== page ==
Aja dasa, the president of Boston temple, has begun holding lectures at local universities, where he distributes prasadam and magazines. The devotees have made applications to teach courses on Krishna consciousness in several colleges, and they've established a new center in Amherst, a big college town.
Prabhupada was extremely happy to hear this, for one of his greatest ambitions is to see his books studied seriously in the schools and colleges of the world. He replied, "I am very pleased to note that you are attempting to preach seriously in the schools and colleges. Prahlada Maharaja, a great devotee and authority in our line, said Krishna consciousness should be taught from the very beginning of childhood. The defect of modern education is that the children are taught all nonsense things. They do not receive even the first point of knowledge, that 'I am pure spirit soul, part and parcel of God.' This simple fact they have yet to learn, so if you can teach them just this one point it will be a great success, because this is the basic platform of advancing in spiritual understanding. If we want to read and write, then it is essential to learn first of all the ABCs."
A brahmacari in England asked for guidance in his service and asrama after a period of difficulty, and Prabhupada encouraged him to push on. "From your letter it appears that you are a little confused. This means that the consciousness is not clear, brahma-bhutah prasannatma, na socati na kanksati. The clear stage of consciousness is free from hankering and lamentation. As long as we are on the material platform, bodily conception of life, we will hanker after so many things required for material supremacy. Therefore to clear this cloudy consciousness Caitanya Mahaprabhu has recommended that one should simply chant the holy name of God sincerely and hear it with attention. So chant, dance, take prasadam and be happy. Marriage is not recommended. Are you prepared to get a job, live outside the temple in an apartment, provide the wife with bangles, saris and sex? Better you concentrate on this chanting and hearing process, then teach others and give them prasadam."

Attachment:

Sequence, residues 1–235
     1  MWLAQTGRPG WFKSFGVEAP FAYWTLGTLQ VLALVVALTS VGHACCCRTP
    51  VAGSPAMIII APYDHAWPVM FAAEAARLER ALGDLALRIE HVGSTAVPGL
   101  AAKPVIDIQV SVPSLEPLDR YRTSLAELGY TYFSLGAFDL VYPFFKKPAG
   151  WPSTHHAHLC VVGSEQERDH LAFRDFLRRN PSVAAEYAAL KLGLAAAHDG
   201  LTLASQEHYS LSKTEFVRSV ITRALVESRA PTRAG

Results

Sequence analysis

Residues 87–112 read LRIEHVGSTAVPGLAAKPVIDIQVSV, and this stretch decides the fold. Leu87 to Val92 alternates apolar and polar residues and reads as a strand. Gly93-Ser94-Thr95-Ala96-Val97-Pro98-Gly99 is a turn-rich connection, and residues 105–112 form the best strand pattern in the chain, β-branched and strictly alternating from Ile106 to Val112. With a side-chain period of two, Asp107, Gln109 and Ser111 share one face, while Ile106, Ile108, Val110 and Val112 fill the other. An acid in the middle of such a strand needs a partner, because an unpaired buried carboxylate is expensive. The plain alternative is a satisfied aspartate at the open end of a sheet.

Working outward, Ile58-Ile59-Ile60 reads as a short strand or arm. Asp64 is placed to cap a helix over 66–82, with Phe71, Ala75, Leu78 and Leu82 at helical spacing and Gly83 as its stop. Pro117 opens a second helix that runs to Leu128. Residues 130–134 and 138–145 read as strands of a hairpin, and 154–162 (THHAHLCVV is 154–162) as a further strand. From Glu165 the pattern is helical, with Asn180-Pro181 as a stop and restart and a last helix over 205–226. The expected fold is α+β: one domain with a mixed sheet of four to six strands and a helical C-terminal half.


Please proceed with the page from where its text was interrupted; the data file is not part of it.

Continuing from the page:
Prabhupada has attracted the attention of people in all walks of life, and his replies to nondevotees are equally to the point. When Mark Phillips, a young Australian married man, sent a faltering cry of distress, Prabhupada offered the universal panacea. "Yes, we are eternally related to the Lord as servant, so naturally when we forget our eternal relationship as servants of the supreme master, Krishna, we suffer... . Therefore Krishna advises everyone, in Bhagavad-gita, to simply surrender to Him and He will take care of us. In Australia we have got our temples; consult the Back to Godhead magazine for the temple nearest you. Please visit the temple and take advantage of the pure, spiritual atmosphere. This will immediately extinguish the burning fire of material suffering in your heart. Meanwhile I humbly request you to chant Hare Krishna, Hare Krishna, Krishna Krishna, Hare Hare/ Hare Rama, Hare Rama, Rama Rama, Hare Hare. This chanting will bring you all perfection of life; please try it."
Dr. Yogi Raj Dev Swarup teaches yoga at the University of Copenhagen and has recently obtained an Indian Government grant to begin a yoga institute in New Delhi. He wrote a letter expressing his appreciation of Prabhupada's work and asking how he can help the mission.
Prabhupada replied, "I thank you very much for your kind appreciation. Because you are a teacher in a respectable university I request you to study some of my books, especially Bhagavad-gita As It Is. As stated in the Gita, manah samyamya mac-citto, yukta asita mat parah. 'One should meditate upon Me (Krishna) within the heart and make Me the ultimate goal in life' (Bg. 6.13-14). Western people are now becoming more and more interested in yoga practice, but unfortunately, because they have no authorized source of information, they are being misled by unauthorized teachers and concocted methods of yoga practice. Actually the astanga-yoga system practiced thousands of years ago is not practical for this age; therefore Lord Caitanya Mahaprabhu introduced the chanting of the holy name of God: Hare Krishna, Hare Krishna, Krishna Krishna, Hare Hare/ Hare Rama, Hare Rama, Rama Rama, Hare Hare.
"In all our temples we are doing that and we have more than forty big volumes of authorized books: Srimad-Bhagavatam, Bhagavad-gita, etc. Intelligent people are accepting this Movement all over the world, so if you are serious about joining this mission then why not study these books, understand the philosophy and teach."